CNN picks the five most embarrassing Obama PR stunts to try to reach millennials. And that's not even including his interviews with GoZell Green and Bethany Mota or going on Between Two Ferns.
Joe Biden's rather creepy woman-touching habit of females he had never met previously continues. My parents had a friend who acted this way and I remember hiding under the bed when he visited because it made me so uncomfortable. But it's just funny Uncle Joe being Joe so it's just humorous, not creepy.
And since ol' Uncle Joe has such expertise on foreign policy, because after all isn't that why he was put on the ticket, why not have him lead the administration's big meeting on violent extremism so he could lend his own unique ability to connect with people of other ethnicities? He's just such a great guy that he gets along very well with Somalis living in Wilmington, Delaware.
"If you ever come to the train station with me, you'll notice that I have great relationships with them because there's an awful lot of them driving cabs and are friends of mine. For real," Biden said Tuesday at a summit on violent extremism, according to video posted bv The Washington Post.And Biden has had even more opportunities for multi-cultural outreach as he told C-Span in 2006.
Biden made his remarks while noting the large number of East African immigrants in Minnesota.
"In Minneapolis–Saint Paul, we're working to build relationships with the East African immigrants who have made your city their home. As the same folks, Somalis, who have made made my city of Wilmington, Delaware, [their home] on a smaller scale," he said. "It's a large, very identifiable Somali community."
"I've had a great relationship. In Delaware, the largest growth in population is Indian-Americans moving from India. You cannot go to a 7-Eleven or a Dunkin' Donuts unless you have a slight Indian accent. I'm not joking," Biden said.Such a funny guy, that Joe.
Stephen Moore has compiled a list of bipartisan deals that Obama has breached.
Now Republicans are learning another harsh lesson about this White House: on those rare occasions when a deal is reached, Obama routinely breaches it. Consider the recent evidence:
• Death tax. One of the few bipartisan of recent years was to set the death tax at 40 percent. Now two years later, he says in his State of the Union he wants to raise taxes at death to closer to 60 percent. This would be nearly the highest tax penalty at death in the world.
• Capital gains taxes. Obama entered office with these rates at 15 percent. Then he said repeatedly he would “only raise them to the rate of the Clinton years.” That was a lie from the start because the rate under Clinton was 20 percent, but he raised it to 23.8 percent including the surcharge imposed under Obamacare. Now he says he wants to raise the rate to 28 percent, which he says was the Reagan-era rate. And if he gets that he will no doubt say he only wants to raise it to the Nixon rates–of more than 36 percent.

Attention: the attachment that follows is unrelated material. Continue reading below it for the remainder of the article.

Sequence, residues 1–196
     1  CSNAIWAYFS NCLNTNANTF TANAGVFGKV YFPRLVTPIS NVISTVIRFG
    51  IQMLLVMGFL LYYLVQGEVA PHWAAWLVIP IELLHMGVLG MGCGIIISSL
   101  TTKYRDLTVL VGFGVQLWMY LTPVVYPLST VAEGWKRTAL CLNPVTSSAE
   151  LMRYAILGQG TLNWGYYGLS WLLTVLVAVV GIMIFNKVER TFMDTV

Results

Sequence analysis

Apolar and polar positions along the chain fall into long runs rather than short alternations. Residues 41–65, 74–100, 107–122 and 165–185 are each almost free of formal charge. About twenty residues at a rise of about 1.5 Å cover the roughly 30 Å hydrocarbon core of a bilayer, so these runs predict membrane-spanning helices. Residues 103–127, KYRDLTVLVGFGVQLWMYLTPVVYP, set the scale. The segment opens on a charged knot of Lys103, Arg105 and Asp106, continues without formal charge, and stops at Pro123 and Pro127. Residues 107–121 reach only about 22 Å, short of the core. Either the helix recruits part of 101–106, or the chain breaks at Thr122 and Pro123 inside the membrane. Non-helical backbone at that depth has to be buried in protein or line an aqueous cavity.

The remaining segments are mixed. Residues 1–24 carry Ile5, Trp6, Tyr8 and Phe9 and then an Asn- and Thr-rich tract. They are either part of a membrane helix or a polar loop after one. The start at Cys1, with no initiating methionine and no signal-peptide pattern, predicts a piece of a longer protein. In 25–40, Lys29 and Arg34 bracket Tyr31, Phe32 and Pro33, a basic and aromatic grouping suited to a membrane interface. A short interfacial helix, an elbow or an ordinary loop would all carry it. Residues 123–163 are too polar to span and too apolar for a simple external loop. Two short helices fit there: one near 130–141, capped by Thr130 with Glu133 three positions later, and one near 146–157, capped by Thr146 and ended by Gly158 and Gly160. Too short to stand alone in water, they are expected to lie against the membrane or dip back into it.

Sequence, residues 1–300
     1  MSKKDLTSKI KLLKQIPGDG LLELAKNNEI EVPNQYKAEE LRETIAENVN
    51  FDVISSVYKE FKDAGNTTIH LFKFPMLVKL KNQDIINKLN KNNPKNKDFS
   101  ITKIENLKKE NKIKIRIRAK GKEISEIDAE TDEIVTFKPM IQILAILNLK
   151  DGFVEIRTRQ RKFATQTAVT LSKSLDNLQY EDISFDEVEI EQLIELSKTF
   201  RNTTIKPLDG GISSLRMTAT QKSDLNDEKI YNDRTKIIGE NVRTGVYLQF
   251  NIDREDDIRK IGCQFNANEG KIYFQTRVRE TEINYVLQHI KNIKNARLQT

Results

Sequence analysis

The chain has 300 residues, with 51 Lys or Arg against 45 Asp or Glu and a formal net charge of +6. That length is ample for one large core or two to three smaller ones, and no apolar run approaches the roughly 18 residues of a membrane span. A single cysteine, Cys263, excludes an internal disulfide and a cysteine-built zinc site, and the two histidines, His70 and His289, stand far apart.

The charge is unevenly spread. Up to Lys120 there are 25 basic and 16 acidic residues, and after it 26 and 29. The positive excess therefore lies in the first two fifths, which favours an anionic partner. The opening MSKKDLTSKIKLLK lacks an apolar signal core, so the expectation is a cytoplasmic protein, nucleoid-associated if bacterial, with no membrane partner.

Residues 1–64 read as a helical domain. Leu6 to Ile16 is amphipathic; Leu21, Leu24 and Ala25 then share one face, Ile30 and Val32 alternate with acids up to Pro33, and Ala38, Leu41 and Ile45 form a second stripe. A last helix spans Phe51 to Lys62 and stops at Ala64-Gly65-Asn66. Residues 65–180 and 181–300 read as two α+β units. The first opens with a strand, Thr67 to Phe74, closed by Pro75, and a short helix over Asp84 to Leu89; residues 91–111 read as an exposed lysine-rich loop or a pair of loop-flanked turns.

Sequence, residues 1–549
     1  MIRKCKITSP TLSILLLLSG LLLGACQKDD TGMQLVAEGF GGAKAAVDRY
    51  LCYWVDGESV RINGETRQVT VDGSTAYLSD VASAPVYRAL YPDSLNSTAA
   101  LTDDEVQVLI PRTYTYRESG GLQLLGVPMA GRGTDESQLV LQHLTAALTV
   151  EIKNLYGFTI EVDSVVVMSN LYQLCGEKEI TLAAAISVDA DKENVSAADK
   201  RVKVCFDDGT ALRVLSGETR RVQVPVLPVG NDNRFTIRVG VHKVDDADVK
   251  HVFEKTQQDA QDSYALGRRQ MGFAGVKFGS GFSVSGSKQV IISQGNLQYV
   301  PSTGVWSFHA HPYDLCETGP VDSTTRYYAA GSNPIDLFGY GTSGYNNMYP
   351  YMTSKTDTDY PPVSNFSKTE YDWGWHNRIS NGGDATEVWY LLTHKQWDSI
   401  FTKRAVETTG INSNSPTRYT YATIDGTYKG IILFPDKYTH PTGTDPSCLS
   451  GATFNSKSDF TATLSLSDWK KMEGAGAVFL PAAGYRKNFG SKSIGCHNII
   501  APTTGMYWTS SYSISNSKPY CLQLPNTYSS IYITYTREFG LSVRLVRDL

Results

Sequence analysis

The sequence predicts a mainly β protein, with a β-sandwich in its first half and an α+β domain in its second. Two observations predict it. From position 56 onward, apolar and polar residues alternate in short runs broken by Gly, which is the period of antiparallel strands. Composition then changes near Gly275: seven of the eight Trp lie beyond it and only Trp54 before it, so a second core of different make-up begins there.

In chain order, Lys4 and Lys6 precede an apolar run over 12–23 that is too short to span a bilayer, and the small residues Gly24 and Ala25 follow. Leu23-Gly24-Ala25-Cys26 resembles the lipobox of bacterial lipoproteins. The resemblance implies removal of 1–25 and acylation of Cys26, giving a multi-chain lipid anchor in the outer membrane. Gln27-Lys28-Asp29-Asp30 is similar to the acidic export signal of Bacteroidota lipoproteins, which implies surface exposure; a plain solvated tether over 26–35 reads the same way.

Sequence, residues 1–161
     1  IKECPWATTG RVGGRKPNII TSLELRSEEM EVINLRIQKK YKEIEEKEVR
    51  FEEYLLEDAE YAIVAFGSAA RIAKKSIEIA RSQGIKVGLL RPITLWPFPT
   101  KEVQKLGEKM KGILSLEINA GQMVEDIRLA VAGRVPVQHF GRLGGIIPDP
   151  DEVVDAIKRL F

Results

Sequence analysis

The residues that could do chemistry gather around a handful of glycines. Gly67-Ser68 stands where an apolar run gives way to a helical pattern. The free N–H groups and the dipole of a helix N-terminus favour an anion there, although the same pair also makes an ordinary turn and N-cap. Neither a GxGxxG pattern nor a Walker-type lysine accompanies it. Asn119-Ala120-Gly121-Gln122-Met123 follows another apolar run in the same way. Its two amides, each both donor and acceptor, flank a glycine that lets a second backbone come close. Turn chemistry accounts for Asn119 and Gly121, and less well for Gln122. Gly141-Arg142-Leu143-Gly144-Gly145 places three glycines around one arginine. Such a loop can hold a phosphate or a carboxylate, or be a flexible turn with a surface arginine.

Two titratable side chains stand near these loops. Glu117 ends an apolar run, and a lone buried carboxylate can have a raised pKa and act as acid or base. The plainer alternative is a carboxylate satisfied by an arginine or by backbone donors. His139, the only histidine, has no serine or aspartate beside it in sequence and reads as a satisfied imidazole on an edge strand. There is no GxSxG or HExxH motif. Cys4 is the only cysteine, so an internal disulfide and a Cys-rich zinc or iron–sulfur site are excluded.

• Taxing college savings plans. Obama said he would only raise taxes on the rich. But then he proposed taxing the build up of money in college savings plans and that would club the middle class. The plan was so unpopular, the White House dropped it, but anyone with a Roth IRA or build up in a pension plan better be on guard. You’re next.
• Budget caps. The 2011 Budget Control Act set strict caps on discretionary spending. But Obama keeps proposing piercing those caps–which he himself proposed in the first place. His new budget for 2016 wants to crash through the spending ceilings to the tune of $74 billion this year.
• Paid family leave. When liberals sold the idea of parental leave back in the 1990s, they stressed over and over that this was only “unpaid” leave and so employers wouldn’t face undue costs. Now Obama and the Democrats want paid leave. Give an inch, they want a subsidized mile.
• Keystone XL Pipeline. Obama first said he was holding up Keystone because of environmental concerns in Nebraska with respect to water issues. But those issues have finally been resolved by the courts. Obama is now inventing new excuses for getting to “no.”
• Immigration. Obama’s executive actions–of questionable legality–legalizing millions of illegal immigrants seems to Republicans to be intentionally designed as a poison pill for immigration reform.
So is it any wonder that Republicans feel they’ve been burned once too often?
Ed Rollins, Reagan’s political adviser, attributes Obama’s incapacity to make a deal “to arrogance and incompetence–there is no one at the White House who knows how to reach across the aisle even when it is in Obama’s own self-interest.”
Obama’s goal is not to negotiate with Republicans but to steamroller over them. And by so doing, his party is in shatters, and the one who has been steamrolled is himself.
Michael Brendan Dougherty argues that "Andrew Jackson was America's worst 'great' president." I can't disagree. I'm not sure what he did that was so great besides expanding the powers of the presidency, something which historians admire. Though he's one of the presidents my students most enjoy learning about. They think he was totally BA and that is all it takes to intrigue teenagers.
That's a headline no one could have ever predicted: "Patty Hearst's dog wins at Westminster" Good for her.